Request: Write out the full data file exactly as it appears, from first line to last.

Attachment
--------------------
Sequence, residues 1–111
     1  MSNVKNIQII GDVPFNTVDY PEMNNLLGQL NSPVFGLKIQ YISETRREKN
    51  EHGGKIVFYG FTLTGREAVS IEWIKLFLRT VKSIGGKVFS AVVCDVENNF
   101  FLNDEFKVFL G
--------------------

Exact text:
Sequence, residues 1–111
     1  MSNVKNIQII GDVPFNTVDY PEMNNLLGQL NSPVFGLKIQ YISETRREKN
    51  EHGGKIVFYG FTLTGREAVS IEWIKLFLRT VKSIGGKVFS AVVCDVENNF
   101  FLNDEFKVFL G